About 8 years ago my mom passed away. Shortly after my mom died, her sister, my aunt Nancy, followed… All told, it was a tough few years; we lost my Grandfather, Uncle, Mom, and Aunt in fairly rapid succession. Those of us left behind hardly had time to grieve each loss before another one happened.
Nancy was the keeper of what little family history we had, and shortly after she passed away my uncle gifted me two Rubbermaid bins of photos, knickknacks, personal items…two Rubbermaid bins of memories. I suppose as the only girl in the immediate family, I was the natural, or the only, choice to care for what was left of these lives. I did a quick inventory of the bins shortly after I got them, but I couldn’t bring myself to really dig in. It was too soon. I packed them back up, along with a bunch of my mom’s things, and tucked them away for later.
Always having them in the back of my mind, I never really knew what to do with the bins. On the cusp of a recent move and downsize, I decided that it was finally time to try to make some sense of these memories. On a sunny summer afternoon, 7 years after I became their keeper, I sat down on my back deck and started to unpack the boxes of memories. Immediately, I remembered just how special the contents of these plastic containers were. In the bottom of one of the bins was an old metal tin, inside the tin was what seemed like a lifetime of yellowed newspaper clippings and obituaries. There was an old chocolate box filled with old war memorabilia; Soldiers Handbooks, what looked like wooden dog tags, and other random papers. Lastly, there were stacks of old letters. STACKS. The envelopes worn, stamped with phrases like “Save Metal Rags and Waste Paper”, with dates ranging from 1943 to 1945. Everything smelled faintly of cigarette smoke…it reminded me of my mom. Upon closer investigation, I discovered the letters were written by my Great Uncle Gord to his Mom, my great-grandmother, Amy. They seem to cover his time in basic training and possibly service in World War II. I opened one letter randomly, from 1945, and scrawled messily in capital letters at the top of the page were the words “VICTORY LETTER”. Victory letter. I read it again, and again. I was hooked.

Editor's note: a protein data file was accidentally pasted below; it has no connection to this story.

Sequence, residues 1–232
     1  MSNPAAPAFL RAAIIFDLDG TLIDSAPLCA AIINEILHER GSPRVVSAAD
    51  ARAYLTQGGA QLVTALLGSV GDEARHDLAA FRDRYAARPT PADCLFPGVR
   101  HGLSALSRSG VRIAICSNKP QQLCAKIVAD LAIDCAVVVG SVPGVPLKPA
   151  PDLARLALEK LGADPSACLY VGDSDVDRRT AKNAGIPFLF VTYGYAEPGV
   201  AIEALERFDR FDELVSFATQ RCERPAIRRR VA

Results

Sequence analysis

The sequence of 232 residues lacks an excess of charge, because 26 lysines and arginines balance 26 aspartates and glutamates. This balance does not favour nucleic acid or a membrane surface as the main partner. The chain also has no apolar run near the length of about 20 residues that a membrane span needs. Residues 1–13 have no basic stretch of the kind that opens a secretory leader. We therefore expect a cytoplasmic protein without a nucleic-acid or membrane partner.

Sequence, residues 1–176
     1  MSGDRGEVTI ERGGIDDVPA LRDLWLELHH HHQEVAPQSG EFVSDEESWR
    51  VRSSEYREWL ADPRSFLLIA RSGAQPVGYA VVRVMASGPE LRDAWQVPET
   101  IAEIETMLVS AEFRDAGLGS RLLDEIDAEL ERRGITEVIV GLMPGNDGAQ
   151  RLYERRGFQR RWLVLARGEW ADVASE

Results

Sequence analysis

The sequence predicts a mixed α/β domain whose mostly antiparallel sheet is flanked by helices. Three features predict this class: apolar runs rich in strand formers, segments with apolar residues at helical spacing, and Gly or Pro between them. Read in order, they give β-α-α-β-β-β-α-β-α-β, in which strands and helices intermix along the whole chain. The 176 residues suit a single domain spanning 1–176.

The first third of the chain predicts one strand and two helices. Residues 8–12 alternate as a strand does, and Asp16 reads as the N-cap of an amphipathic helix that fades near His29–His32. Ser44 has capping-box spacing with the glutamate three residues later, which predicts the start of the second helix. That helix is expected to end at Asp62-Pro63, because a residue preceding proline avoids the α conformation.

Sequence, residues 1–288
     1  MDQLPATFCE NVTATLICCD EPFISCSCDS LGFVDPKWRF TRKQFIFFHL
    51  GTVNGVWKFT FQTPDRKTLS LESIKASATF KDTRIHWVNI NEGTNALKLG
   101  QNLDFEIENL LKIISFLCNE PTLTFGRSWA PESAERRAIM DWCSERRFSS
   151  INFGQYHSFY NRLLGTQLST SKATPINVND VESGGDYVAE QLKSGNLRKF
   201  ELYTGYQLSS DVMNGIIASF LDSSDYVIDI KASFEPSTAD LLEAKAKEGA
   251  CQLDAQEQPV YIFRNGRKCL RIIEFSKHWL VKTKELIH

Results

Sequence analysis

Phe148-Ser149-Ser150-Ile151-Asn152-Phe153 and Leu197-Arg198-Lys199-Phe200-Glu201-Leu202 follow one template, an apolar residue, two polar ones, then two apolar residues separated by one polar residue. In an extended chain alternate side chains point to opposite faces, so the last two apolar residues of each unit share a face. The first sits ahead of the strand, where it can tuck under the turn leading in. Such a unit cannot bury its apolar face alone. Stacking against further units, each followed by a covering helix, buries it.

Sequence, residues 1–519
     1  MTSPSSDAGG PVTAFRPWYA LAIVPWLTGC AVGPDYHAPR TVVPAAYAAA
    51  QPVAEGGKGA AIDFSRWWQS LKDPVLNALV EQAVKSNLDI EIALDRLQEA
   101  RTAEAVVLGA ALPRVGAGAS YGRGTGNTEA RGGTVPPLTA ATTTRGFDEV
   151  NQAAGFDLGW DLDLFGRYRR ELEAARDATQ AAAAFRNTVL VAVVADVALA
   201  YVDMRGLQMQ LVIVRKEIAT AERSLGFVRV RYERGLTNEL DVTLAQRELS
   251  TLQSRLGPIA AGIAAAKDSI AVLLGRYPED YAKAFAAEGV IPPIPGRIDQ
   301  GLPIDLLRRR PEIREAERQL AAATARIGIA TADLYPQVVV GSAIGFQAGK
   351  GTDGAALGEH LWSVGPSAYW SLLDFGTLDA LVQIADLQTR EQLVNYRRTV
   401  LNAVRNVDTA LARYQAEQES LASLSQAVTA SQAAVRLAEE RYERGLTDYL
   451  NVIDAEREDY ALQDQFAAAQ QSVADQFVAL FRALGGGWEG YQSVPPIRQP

I’ve decided that I can’t just sit on these letters. They are far too special a time capsule to be left in a Rubbermaid bin. This blog will chronicle my documentation of the letters, and offer one man’s first hand glimpse into history. I have no idea what the letters will bring, no idea what I will uncover, or what tales Gord will tell, but I’m looking forward to finding out. I hope you’ll join me on this journey through history.
I have edited the letters for some spelling and grammar (only when it’s really necessary, extreme run on sentences, paragraph splits, etc.). Although last names have been withheld for privacy reasons, I have not imposed any edits on the content of the letters. Please remember that these letters were written in a very different time and place, and as such, some content and language may be offensive to some. To stay true to the history of the project, I have chosen to leave these instances intact, but I feel that it is important that I say that the views expressed in Gord’s letters are his, and do not reflect my personal opinion.
Lastly, all written and photographic content of this blog belongs solely to me, its author, and may not be reproduced without my permission.
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